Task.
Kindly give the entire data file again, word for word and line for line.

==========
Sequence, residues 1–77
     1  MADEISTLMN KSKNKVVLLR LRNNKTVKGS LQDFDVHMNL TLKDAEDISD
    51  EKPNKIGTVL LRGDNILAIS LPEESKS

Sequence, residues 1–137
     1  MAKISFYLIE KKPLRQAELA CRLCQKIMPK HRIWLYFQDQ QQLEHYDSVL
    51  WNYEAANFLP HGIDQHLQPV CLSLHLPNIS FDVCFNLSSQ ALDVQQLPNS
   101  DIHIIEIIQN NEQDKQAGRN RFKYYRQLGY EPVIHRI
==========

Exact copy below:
Sequence, residues 1–77
     1  MADEISTLMN KSKNKVVLLR LRNNKTVKGS LQDFDVHMNL TLKDAEDISD
    51  EKPNKIGTVL LRGDNILAIS LPEESKS

Sequence, residues 1–137
     1  MAKISFYLIE KKPLRQAELA CRLCQKIMPK HRIWLYFQDQ QQLEHYDSVL
    51  WNYEAANFLP HGIDQHLQPV CLSLHLPNIS FDVCFNLSSQ ALDVQQLPNS
   101  DIHIIEIIQN NEQDKQAGRN RFKYYRQLGY EPVIHRI